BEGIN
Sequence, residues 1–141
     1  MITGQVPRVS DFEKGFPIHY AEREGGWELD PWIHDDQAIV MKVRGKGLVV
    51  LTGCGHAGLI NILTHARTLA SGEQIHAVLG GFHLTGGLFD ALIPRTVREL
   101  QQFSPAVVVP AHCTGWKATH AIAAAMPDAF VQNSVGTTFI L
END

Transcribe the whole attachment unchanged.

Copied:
Sequence, residues 1–141
     1  MITGQVPRVS DFEKGFPIHY AEREGGWELD PWIHDDQAIV MKVRGKGLVV
    51  LTGCGHAGLI NILTHARTLA SGEQIHAVLG GFHLTGGLFD ALIPRTVREL
   101  QQFSPAVVVP AHCTGWKATH AIAAAMPDAF VQNSVGTTFI L